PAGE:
Course: Working with Self-Therapy Journey and the Pattern System

Hiker onlyWednesdays
March 5 – April 9 (6 meetings)
4:30-6:30 PM PST | 7:30-9:30 PM EST
Cost: $230
Register here

Self-Therapy Journey (STJ) is a new interactive web program that enables you to systematically classify, explore, and transform your psychological issues. You can think of it as a sophisticated and interactive set of self-help books, plus guided meditations and customized reports. STJ is based on IFS and the Pattern System.

What can STJ help you do?

  • Resolve problems like procrastination, shyness, or depression
  • Transform behavior patterns like dependency, controlling, or people-pleasing
  • Navigate through defenses
  • Heal emotional wounds
  • Create a complete psychological profile for yourself

How does STJ work?

  • It provides recorded guided meditations for deep exploration.
  • It generates a customized report for each of your patterns.
  • It guides you in creating homework practices.
  • It transforms problems into healthy capacities.
  • It helps you track your progress.

In this course, you will learn how Self-Therapy Journey works and how to get the most out of it.

The Pattern System is a systematic approach to understanding your personality that can lead directly to psychological healing and personal growth.  It also helps you to understand other people—why they respond as they do, what makes them tick.

In this course, you will also learn about the Pattern System—how to chart your personality, and how to choose which patterns and capacities to work on in STJ.

By taking this course, you will be able to get access to the Therapist-Guided Version of STJ that includes Stage 2 work on childhood wounds, if this is appropriate for you.

The Caretaking Pattern

If you have the Caretaking Pattern, you are caring and compassionate toward others, but often at the expense of your own needs or desires. At some level, though, your caring may come with strings attached. You may have a desire to be appreciated for all that you give to others, rather than giving without the need for a return. You may be aware of hoping that people will care more for you and give you their time and attention in return for your efforts.

You may take pride in being a “mind-reader.” You may get a lift from providing assistance that you believe people need even before they ask for it. You may frequently give too much help, and often at the expense of taking care of yourself. You may regularly be the last person to leave a party even when you’re exhausted, because you’re always helping the host tidy up. You may believe that all of your giving to others is building up a pool of help and favors that you can call upon someday. Or you may believe that by reading the minds of your loved ones, you will be able to expect them to do the same for you–that they will know and deliver the support you want without you ever having to ask.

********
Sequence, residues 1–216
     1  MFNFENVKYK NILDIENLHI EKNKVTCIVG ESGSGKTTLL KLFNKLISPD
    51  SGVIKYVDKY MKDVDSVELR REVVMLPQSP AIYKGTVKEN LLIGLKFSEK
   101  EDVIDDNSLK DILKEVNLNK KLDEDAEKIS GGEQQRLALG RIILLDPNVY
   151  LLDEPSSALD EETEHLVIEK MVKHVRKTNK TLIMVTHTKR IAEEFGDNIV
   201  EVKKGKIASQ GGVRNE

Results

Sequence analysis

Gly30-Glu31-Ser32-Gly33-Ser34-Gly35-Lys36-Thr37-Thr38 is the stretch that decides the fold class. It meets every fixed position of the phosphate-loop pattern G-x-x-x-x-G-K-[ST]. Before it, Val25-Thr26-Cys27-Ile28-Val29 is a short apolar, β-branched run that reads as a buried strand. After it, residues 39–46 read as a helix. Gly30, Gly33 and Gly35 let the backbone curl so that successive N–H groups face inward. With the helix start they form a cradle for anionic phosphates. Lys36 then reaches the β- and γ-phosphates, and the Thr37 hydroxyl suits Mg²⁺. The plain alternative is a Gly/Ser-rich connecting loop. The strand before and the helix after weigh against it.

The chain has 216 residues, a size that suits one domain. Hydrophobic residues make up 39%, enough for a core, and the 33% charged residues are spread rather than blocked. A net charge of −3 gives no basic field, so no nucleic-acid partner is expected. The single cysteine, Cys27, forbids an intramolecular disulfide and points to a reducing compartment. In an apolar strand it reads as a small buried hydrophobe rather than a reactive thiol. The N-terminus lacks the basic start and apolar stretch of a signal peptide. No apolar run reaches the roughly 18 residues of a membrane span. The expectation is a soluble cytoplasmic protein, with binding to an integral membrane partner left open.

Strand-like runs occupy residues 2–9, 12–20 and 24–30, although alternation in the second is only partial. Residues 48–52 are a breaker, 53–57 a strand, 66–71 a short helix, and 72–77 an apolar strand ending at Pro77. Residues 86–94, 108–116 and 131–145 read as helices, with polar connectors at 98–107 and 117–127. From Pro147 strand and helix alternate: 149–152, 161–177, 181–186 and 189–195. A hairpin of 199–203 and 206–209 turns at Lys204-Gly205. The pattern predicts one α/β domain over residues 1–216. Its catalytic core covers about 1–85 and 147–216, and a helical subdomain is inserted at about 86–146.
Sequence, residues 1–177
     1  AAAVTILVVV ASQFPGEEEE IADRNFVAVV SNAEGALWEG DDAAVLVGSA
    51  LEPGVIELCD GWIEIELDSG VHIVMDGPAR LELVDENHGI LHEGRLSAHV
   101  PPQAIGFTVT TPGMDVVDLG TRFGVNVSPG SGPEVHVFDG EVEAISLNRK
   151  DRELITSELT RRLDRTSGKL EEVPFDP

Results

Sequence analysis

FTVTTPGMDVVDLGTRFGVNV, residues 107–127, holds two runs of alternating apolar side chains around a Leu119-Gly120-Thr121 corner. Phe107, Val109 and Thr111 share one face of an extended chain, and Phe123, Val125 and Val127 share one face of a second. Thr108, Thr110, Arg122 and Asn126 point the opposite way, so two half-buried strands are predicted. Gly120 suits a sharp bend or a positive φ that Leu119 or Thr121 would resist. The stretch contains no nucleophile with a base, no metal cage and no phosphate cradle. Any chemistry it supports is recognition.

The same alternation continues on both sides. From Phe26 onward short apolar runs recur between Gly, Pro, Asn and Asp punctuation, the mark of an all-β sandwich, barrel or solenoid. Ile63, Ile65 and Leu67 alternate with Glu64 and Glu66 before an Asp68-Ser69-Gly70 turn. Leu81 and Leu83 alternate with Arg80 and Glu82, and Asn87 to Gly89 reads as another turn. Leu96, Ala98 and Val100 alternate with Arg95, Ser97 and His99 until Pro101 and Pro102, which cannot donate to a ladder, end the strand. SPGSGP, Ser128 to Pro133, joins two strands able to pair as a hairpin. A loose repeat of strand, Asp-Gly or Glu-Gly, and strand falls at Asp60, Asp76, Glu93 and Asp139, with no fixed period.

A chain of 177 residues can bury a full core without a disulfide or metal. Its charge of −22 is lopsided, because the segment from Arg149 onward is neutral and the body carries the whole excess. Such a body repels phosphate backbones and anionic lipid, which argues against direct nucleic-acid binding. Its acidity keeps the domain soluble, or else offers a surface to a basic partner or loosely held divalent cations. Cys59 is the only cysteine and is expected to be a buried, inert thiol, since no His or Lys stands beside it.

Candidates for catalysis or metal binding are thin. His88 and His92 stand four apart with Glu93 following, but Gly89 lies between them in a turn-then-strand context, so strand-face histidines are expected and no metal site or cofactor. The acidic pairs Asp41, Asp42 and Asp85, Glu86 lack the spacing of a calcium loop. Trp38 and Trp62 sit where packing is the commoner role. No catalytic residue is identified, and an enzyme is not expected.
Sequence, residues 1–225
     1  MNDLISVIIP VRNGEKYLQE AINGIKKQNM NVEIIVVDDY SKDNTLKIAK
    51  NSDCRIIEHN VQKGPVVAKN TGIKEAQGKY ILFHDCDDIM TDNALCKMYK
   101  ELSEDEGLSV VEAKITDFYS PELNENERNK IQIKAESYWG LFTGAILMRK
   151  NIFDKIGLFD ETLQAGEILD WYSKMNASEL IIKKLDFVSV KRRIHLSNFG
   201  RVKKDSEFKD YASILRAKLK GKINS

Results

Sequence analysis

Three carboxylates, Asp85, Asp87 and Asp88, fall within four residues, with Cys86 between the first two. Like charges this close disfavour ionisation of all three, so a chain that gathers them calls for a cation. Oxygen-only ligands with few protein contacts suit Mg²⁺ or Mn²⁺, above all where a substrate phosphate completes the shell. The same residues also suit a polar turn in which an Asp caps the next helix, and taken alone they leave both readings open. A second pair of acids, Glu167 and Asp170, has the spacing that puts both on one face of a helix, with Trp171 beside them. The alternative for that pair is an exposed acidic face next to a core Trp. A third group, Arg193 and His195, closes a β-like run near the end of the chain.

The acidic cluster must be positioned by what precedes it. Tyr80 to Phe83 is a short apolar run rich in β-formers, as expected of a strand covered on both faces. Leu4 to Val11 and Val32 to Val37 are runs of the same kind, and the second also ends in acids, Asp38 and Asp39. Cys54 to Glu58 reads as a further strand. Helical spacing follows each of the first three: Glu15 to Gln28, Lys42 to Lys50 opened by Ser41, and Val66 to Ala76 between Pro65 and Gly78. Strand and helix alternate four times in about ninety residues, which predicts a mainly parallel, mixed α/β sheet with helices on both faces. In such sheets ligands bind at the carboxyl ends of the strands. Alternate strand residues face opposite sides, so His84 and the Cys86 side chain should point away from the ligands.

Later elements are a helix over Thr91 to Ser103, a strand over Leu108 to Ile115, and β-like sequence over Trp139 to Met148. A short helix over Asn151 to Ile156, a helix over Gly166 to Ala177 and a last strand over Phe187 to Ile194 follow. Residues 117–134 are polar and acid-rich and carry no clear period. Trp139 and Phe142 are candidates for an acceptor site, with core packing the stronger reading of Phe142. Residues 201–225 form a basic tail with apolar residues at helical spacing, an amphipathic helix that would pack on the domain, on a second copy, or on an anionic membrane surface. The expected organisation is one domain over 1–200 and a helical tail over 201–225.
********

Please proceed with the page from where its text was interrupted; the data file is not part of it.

Some level of the desire to help others is natural and healthy. We are, after all, social beings who need interpersonal support to get along in the world. But if you find yourself regularly sacrificing your own comfort for the sake of helping someone else–for instance, if you give up a therapeutic massage appointment because your sister “just has to have your opinion” on a new couch she’s buying–you very likely have the Caretaking Pattern.

In fact, your caretaking part may assume that other people aren’t as capable of taking care of themselves as you are. You might believe that you “know better” when it comes to what would be good for someone else. Unless this person is a small child, though, it is unlikely that your perception of someone else’s needs is more valid than their own.

For a variety of reasons, you may not have received feedback from others that your caretaking is a problem. If you have the Caretaking Pattern you probably attract people who may, on some level, like being taken care of, or who become dependent on you. You may have people in your life that you believe would suffer if you were to stop caretaking them, and you may enjoy “being needed.”

The key to knowing if you have the Caretaking Pattern is to look at how often you are meeting your own needs. If you are always putting yourself last, if you are tired and feel like you are responsible for making sure other people are okay emotionally, logistically, or financially, then you have the Caretaking Pattern.


The Perfectionist and the Pattern System

In the last blog, I showed how the Inner Critic is in the Self-esteem dimension of the Pattern System. Each of the seven types of Inner Critics also resides in a dimension of the Pattern System. Let’s look at the Perfectionist:

The two polarized protectors are the Perfectionist and the Sloppy Part, which just does tasks in a cavalier way, not caring about how well they are done or the consequences. The healthy version of the Perfectionist is the Inner Mentor who helps you to do things in an excellent way without judgment or extremes. It is caring and supportive and knows when something is good enough. The healthy version of the Sloppy Part is the Inner Champion who supports you working in an easy flowing way without sacrificing quality. And it also supports your feeling good about yourself. [Read more…]